Well, if it’s for order, then onion is the second staple food after ugali in Kenya. This is a proof that it has market. Farming of onions can be either in open farms or green house. Bulb onions preferably Jambar F1, which is bigger and have a long lasting span of up to 6 months after harvest, take 4 months to mature and its profit return per acre is great.
Rosemary, an onion farmer from Kamulu, Kasarani gives a story of how she began onion farming where she only required a piece of land( open farm) , a kilo of seedlings, and 80g of DAP fertilizer per acre. She says, onions do not require a lot of water and therefore favorable in well drained sandy fertile soil. This shows that it is productive in most parts of Kenya. Green house onion farming mainly takes place in drier areas.
Onion farming of course is not all rosy. It has some challenges. For instance, Excess rain causes water logging. Drip irrigation is proffered over other types of irrigation because it doesn’t encourage logging.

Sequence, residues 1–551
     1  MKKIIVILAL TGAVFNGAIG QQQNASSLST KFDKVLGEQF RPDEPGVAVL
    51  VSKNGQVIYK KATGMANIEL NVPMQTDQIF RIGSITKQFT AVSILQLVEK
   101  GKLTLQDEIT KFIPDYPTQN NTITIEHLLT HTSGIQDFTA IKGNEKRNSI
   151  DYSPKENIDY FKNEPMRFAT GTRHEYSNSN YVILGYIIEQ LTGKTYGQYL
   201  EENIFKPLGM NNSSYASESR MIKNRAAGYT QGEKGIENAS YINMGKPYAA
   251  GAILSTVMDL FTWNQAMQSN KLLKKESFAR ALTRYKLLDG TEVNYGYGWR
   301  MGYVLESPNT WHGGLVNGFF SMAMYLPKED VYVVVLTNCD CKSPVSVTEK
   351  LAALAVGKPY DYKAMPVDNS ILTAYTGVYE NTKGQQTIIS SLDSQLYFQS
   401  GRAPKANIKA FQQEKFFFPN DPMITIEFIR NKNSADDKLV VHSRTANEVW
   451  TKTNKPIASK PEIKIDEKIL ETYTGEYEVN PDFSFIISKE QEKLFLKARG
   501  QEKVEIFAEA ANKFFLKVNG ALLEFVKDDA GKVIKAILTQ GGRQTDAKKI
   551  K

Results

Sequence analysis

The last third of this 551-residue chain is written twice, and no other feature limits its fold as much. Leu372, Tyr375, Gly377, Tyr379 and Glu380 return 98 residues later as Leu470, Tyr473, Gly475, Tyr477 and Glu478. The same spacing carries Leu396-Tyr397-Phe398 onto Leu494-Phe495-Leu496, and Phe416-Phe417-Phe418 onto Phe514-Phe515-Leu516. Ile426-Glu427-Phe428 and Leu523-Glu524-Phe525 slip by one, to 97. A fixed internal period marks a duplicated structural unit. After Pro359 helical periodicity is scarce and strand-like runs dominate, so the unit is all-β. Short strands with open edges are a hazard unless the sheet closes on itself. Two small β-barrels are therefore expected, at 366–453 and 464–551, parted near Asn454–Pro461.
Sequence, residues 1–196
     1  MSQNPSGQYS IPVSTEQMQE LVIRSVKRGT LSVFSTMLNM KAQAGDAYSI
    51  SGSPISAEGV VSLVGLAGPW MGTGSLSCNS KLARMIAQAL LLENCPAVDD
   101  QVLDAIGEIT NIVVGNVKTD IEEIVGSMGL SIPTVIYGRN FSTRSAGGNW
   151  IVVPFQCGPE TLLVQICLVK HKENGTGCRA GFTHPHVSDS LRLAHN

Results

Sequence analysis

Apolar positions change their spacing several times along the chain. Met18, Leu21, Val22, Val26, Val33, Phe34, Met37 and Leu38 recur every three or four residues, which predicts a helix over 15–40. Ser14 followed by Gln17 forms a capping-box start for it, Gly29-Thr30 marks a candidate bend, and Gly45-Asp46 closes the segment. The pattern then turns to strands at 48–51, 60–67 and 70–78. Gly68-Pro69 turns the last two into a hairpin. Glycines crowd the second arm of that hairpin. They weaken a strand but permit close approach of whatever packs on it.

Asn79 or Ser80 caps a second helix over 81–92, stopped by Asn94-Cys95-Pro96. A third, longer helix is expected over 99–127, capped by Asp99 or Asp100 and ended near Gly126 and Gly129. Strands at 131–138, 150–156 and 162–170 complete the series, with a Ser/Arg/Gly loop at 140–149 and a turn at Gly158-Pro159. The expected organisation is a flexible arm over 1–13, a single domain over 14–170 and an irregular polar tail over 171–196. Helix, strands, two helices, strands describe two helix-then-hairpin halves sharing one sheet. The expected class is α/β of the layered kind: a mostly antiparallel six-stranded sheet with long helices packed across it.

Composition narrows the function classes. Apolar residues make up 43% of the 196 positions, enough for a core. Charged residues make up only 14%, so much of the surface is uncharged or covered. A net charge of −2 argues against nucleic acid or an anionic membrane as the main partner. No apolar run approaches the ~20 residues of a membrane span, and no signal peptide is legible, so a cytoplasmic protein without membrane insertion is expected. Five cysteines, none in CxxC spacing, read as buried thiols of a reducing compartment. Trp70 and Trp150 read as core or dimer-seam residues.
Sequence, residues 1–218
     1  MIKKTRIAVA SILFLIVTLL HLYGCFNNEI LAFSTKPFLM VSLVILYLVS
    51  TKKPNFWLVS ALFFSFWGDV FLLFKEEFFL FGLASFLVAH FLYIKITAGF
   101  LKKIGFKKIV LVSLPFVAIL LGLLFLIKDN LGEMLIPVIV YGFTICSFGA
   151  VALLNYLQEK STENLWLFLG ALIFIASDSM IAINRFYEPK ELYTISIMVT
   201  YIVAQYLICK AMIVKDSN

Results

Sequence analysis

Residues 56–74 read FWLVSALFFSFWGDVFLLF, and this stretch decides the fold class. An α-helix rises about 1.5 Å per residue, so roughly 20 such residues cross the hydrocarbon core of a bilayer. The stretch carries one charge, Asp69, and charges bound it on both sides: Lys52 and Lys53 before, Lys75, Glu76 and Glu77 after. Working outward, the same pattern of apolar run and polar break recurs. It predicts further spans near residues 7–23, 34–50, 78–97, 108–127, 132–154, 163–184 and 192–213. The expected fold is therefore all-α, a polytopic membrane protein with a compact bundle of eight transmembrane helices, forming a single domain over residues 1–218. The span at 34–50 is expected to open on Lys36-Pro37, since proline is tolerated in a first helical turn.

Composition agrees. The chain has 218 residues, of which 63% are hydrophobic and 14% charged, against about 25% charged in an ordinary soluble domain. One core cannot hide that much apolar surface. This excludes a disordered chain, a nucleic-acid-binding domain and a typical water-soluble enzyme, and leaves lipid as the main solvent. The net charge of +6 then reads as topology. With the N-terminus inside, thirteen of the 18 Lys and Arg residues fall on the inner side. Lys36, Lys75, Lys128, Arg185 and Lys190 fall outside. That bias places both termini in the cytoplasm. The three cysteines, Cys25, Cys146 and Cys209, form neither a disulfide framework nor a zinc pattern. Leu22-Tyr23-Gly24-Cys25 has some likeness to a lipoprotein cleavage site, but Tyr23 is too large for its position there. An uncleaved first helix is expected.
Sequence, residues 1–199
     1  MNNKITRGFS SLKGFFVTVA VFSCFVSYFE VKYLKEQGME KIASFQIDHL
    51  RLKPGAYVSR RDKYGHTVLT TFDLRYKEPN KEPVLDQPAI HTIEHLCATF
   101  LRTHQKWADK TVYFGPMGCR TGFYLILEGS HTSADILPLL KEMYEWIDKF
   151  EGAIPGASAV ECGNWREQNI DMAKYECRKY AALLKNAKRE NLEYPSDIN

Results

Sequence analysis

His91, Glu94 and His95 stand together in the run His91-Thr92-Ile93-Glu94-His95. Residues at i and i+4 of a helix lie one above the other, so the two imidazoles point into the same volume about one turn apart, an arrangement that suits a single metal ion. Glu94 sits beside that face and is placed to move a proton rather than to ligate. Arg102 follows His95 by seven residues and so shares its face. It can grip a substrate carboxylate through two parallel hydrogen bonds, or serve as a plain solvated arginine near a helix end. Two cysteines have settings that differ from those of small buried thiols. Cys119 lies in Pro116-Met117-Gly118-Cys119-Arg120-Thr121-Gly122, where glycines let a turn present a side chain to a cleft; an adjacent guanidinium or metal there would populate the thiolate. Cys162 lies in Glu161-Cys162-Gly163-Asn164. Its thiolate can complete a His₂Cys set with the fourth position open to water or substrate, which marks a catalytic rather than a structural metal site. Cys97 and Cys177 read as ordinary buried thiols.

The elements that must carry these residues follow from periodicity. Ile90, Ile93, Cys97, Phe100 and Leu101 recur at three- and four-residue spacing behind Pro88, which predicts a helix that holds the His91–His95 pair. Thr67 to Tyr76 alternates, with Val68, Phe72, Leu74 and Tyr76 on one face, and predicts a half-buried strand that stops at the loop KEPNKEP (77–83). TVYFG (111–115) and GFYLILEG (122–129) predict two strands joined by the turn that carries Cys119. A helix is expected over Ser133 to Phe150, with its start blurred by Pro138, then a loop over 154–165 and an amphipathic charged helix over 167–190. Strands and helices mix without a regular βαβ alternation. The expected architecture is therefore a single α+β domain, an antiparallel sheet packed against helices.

Diseases and pests offer threat to growth of onions. Diseases such as rust and bacterial soft pots reduce onion production. Pests such as maggots and thrips make the onions to rot. Timely interventions are necessary for maximization of harvest.
Weeds are threat to any crop and onions are not an exception. As a farmer, you should commit to weeding 2 -3 times during each season. One can opt for plastic munch which kills the weeds.
Onions are daily requirements and therefore there is available market. Just like any other business, it has its fair share of challenges. Robert, a student who is also venturing in onion farming advices farmers to plant during short rains which will give them a higher return during harvests in January when the supply is limited.